Yesterday, EPA announced its decision on whether the corporate average fuel efficiency (CAFE) and greenhouse gas (GHG) standards adopted by the Obama administration for model year 2022-2025 light vehicles are “appropriate.”
Not surprisingly, EPA Chief Scott Pruitt said they are not and should be revised. While that has drawn criticism from many, especially in the environmental community, other stakeholders see the rule-making process set in motion by Pruitt’s announcement as an opportunity to put forward new ways of reaching ambitious efficiency and emission-reduction goals for the next decade’s vehicle fleet.
In its formal notice, EPA concedes for the first time the role high-octane, low-carbon fuels can play in meeting higher, fuel-efficiency targets. Glaring in its omission from the 2016 intermediate assessment proffered by the previous administration was any effort to address and consider fuel quality and octane pathways for meeting the very aggressive GHG and fuel efficiency targets that have been established since 2012.
The previous administration’s failure to include these pathways was surprising, given that DOE’s national laboratories had been reporting extensively over the previous two years that major engine-efficiency and emission-reduction benefits can be derived from high-octane, low-carbon (HOLC) fuels, specifically blends of ethanol in the 25-30-percent range. Another study published in 2016 by DOE’s Oak Ridge National Laboratory shows mid-level ethanol blends (E25-E40) could offer an improvement in vehicle fuel efficiency by 5-10 percent in vehicles designed and dedicated to use the increased octane, and could provide lower well-to-wheel GHG emissions from a combination of improved vehicle efficiency and increased use of ethanol.
This week’s formal notice acknowledges the recent comments submitted to the agency from ethanol producers and agricultural organizations who support high-octane blends from clean sources as a way to enable GHG reducing technologies, such as higher compression-ratio engines. EPA now recognizes that mid-level, high-octane ethanol blends such as E30 and other new technologies should be considered as part of the evaluation of the standards.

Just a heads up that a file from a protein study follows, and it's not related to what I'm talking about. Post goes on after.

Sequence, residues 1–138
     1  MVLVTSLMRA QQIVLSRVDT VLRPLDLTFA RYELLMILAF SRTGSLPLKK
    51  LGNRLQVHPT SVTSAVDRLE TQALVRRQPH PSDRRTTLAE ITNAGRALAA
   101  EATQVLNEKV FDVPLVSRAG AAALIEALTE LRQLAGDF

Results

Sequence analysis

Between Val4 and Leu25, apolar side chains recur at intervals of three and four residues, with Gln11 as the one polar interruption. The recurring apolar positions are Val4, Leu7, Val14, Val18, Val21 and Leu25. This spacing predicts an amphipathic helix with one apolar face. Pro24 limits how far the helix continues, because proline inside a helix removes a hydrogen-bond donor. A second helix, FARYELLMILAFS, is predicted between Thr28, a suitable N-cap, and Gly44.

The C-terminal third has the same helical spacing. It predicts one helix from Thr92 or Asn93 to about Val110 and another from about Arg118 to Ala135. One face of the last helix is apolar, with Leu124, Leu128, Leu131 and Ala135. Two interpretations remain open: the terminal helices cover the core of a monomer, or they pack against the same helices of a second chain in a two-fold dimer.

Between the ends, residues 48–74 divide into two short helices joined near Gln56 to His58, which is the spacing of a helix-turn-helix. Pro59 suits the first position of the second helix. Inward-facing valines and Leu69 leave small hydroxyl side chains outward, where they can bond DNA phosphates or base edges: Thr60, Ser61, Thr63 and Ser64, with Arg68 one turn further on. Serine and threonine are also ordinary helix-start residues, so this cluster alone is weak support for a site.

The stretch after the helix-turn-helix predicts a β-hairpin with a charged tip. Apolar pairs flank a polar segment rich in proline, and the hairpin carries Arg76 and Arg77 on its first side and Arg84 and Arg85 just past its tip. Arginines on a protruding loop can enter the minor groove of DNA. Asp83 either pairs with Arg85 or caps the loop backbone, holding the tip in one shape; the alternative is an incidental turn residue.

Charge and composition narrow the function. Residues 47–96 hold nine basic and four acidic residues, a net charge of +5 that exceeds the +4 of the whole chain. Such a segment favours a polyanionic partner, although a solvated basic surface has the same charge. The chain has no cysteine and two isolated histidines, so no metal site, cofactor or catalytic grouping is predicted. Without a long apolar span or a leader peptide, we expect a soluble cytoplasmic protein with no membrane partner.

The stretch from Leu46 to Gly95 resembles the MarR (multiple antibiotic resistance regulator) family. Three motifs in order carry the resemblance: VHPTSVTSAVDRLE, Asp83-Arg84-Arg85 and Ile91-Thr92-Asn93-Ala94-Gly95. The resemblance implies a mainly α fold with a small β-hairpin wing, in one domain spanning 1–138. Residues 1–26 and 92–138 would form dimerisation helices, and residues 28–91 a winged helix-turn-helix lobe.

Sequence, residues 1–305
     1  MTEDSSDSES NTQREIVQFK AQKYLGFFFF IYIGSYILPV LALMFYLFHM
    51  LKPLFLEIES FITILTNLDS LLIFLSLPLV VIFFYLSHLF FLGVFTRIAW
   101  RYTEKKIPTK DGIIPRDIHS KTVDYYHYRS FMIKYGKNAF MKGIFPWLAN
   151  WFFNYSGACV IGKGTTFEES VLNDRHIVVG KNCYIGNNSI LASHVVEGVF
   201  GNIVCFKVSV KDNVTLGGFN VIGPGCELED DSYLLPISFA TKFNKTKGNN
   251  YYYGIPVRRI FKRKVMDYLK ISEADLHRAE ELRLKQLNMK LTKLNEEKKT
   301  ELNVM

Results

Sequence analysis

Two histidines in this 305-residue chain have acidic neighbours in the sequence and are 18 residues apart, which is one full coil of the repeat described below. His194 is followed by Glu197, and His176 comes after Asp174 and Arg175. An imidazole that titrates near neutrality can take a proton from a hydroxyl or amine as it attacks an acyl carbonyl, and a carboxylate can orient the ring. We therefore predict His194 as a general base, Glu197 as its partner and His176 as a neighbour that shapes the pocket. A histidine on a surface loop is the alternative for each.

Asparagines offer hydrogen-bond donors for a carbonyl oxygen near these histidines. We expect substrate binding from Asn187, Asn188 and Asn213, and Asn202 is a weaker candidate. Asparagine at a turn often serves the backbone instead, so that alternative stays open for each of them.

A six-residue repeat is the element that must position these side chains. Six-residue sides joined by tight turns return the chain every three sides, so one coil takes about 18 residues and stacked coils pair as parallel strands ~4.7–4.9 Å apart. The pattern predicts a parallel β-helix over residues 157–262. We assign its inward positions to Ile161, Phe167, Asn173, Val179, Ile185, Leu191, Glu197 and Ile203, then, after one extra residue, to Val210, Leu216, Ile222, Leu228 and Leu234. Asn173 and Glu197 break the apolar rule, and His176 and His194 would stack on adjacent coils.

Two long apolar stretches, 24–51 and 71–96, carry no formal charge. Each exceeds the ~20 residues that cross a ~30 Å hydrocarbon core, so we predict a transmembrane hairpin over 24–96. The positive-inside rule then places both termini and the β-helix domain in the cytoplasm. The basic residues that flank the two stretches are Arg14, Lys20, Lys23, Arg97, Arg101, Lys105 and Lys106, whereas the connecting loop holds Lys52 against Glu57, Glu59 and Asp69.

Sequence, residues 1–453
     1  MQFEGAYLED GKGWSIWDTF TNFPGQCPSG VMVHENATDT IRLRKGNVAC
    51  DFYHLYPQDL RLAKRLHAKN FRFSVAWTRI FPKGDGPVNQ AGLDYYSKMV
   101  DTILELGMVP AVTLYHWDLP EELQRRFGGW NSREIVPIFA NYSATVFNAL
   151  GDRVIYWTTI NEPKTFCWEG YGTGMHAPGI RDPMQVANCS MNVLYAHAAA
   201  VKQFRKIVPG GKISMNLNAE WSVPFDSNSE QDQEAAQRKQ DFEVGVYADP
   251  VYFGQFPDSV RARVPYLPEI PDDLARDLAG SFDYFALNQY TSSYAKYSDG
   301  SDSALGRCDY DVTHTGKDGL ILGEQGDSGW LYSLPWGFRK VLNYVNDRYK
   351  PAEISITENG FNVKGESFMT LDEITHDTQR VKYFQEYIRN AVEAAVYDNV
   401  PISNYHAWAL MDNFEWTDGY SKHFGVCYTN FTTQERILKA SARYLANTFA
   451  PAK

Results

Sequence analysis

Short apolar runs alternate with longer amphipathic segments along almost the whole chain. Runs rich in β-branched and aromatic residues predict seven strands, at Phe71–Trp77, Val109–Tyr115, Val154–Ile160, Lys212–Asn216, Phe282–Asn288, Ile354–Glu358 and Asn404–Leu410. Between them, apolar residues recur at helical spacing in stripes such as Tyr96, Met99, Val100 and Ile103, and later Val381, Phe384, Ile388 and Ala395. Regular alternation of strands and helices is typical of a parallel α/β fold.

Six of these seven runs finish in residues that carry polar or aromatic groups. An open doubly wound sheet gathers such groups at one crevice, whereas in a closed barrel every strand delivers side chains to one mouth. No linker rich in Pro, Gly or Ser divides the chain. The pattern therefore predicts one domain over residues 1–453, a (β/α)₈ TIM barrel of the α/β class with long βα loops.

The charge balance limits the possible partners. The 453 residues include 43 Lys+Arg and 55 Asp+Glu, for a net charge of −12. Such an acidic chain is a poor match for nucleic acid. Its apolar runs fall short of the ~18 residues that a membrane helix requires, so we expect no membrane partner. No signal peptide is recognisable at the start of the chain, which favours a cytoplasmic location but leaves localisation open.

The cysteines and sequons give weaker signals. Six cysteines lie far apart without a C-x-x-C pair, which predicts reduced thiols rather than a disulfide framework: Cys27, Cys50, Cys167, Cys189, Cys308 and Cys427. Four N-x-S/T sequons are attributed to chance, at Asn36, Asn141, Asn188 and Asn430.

EPA officials need only look a short distance across town to find DOE research touted in February that identifies high-octane blendstocks that could be blended into gasoline for better performance. Released by the department’s Co-Optimization of Engines and Fuels initiative (Co-Optima), the reports represented a major milestone in the first-of-its-kind research that aims to simultaneously transform both transportation fuels and vehicles to maximize performance and efficiency, while minimizing their environmental impact.
The research builds on Co-Optima data first released last June that showed ethanol is the leading candidate fuel additive to achieve 2025 efficiency and clean air goals for the American transportation system.
As ethanol interests have noted this week, some might fear Pruitt’s decision means will lead to a relaxation of GHG standards, allowing more gasoline use and tailpipe pollution. But as the DOE research has shown, if mid-level ethanol blend fuels are approved for use in future engines, transformative reductions in GHG emissions and improvements in fuel economy could be realized.
Some auto industry leaders have said in recent weeks that they are not necessarily advocating a reduction in the average fuel efficiency standards proposed for 2025 (currently 51.5 mpg). But they do want the flexibility to explore different technologies to get them to improved performance, including raising the octane level of gasoline. And they acknowledge that the world market is shifting to low-carbon transportation, and for U.S. auto manufacturers to remain competitive, they must reduce emissions.
The 25x’25 Alliance encourages EPA, which oversees vehicle emissions, and the National Highway Transportation Safety Board, which sets efficiency standards, to establish a higher minimum octane level for transportation fuels and remove non-sensical regulatory barriers which block their use. By doing so the agencies can open a near-term, low-cost pathway that auto manufacturers can use to achieve stringent emission and efficiency standards.